Biomedicine

CPR to Go

Cardiac arrest can strike without warning: That’s one reason why thousands of volunteers have learned cardiopulmonary resuscitation (CPR). Although the chest-pumping technique moves air into the lungs and blood through the body, it is difficult to perform correctly; a few minutes of lifesaving exertion can exhaust even the burliest paramedic. Overall, only 15 percent of cardiac arrest victims survive.

Cardiologics Systems, a tiny research outfit in Baltimore, Md., is lab-testing a portable, inflatable vest that could provide a safer, easier way to do CPR. The nylon vest wraps around the victim like a big blood pressure cuff; a battery-powered pump drives 10 liters of air into the vest every second. Cardiologics faces competition in the portable-CPR niche from several other R&D outfits. Before the devices become a common sight at poolsides and in ambulances, however, developers must prove they outperform manual CPR in clinical tests.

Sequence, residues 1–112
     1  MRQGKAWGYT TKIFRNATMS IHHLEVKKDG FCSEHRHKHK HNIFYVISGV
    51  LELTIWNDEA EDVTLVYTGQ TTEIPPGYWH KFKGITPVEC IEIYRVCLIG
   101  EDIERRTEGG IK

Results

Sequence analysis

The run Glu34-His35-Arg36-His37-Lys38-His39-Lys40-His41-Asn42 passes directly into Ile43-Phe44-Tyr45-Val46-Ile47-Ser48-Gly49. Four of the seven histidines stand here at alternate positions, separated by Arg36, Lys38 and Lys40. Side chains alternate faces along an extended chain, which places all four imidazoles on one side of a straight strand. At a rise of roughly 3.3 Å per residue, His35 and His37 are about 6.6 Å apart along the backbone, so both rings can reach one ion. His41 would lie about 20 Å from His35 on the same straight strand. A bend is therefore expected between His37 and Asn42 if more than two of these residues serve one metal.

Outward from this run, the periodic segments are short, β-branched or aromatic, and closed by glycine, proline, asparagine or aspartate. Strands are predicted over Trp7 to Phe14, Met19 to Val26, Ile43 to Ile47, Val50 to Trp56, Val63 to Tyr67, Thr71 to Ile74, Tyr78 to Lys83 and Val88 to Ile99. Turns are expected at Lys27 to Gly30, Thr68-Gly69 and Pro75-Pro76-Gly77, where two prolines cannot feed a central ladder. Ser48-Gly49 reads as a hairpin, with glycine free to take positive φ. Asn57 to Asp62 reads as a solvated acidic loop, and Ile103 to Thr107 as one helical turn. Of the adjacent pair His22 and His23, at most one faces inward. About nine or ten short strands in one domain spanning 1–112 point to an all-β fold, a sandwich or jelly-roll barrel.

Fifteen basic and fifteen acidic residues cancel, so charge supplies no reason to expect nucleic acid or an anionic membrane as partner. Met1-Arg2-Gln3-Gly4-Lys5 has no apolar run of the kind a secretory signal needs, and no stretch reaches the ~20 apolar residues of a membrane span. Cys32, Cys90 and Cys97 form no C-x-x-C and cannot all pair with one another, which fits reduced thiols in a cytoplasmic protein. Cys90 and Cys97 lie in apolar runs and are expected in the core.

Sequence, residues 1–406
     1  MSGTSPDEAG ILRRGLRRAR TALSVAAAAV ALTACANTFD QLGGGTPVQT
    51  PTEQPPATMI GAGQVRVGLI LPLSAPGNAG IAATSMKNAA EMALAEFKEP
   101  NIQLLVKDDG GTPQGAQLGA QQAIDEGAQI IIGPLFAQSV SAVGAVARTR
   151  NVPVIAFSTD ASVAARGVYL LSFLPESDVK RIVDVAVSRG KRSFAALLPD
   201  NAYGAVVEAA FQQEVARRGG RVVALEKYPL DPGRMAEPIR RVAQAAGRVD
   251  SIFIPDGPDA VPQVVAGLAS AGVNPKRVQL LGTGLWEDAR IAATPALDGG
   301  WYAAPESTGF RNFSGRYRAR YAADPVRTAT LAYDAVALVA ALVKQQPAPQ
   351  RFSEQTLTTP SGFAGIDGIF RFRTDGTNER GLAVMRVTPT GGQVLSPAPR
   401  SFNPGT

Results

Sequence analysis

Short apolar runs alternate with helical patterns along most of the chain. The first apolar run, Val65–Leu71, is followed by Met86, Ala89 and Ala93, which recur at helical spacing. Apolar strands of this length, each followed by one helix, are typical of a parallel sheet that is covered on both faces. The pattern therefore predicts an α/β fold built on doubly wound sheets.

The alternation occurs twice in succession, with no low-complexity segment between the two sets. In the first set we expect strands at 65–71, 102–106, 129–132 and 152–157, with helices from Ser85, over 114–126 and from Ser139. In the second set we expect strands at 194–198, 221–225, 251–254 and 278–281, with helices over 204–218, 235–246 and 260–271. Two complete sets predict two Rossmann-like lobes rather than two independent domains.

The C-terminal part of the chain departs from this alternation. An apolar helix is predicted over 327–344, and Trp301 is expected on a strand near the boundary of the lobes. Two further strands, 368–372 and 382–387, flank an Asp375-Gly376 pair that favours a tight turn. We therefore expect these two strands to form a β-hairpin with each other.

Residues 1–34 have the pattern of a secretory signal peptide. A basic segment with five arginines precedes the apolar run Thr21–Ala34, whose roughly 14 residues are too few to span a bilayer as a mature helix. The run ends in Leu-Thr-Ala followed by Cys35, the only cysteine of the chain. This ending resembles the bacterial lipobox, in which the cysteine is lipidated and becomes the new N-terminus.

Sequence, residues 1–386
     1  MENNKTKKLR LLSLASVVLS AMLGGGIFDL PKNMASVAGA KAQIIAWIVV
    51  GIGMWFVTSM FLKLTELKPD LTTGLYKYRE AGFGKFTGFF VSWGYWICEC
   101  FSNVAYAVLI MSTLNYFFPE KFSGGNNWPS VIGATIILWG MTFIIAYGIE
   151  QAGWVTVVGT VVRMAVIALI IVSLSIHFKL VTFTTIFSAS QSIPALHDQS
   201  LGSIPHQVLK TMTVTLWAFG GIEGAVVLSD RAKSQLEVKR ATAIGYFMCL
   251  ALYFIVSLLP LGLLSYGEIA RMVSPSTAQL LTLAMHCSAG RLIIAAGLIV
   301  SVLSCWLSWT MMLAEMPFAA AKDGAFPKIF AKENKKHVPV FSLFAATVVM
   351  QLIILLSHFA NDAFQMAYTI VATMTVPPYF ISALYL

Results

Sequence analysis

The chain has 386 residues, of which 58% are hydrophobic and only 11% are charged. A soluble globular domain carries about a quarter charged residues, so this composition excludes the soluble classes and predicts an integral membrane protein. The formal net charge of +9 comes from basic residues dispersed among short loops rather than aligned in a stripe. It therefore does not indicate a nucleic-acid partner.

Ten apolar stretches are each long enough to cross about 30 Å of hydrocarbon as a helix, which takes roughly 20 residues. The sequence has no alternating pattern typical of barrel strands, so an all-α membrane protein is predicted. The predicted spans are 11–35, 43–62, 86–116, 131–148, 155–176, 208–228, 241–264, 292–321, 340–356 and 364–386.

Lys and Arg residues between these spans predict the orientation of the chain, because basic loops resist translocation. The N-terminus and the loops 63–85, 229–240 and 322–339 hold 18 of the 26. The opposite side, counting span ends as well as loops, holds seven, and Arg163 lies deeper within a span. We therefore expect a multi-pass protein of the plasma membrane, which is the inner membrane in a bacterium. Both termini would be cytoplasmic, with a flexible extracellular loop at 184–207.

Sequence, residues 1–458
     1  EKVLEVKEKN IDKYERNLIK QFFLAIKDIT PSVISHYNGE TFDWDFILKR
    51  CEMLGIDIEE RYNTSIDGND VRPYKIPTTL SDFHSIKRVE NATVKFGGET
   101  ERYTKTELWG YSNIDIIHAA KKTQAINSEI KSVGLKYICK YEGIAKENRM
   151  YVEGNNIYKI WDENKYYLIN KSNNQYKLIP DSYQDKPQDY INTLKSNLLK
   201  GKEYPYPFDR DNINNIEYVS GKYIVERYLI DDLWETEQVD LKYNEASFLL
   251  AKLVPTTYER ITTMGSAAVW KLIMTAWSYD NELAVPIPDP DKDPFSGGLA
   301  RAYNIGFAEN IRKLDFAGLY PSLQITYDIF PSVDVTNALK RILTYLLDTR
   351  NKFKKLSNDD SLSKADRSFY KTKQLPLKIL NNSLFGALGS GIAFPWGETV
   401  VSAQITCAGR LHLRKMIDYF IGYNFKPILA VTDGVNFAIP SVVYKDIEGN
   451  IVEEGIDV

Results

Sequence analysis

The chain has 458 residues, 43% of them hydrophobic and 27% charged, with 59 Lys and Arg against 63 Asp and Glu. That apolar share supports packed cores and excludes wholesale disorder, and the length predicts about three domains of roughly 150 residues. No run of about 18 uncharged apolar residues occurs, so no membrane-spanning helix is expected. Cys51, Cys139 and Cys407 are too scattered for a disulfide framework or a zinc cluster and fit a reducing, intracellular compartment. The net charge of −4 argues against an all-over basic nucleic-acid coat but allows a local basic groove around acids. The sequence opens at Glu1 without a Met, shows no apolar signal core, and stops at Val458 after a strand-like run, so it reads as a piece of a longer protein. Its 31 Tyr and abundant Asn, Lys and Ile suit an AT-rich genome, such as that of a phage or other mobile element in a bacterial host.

Uh oh–you've read all five of your free articles for this month.

Insider Online Only

$19.95/yr US PRICE

Biomedicine

New technologies and biological insights are providing unprecedented ways of improving our health.

You've read of free articles this month.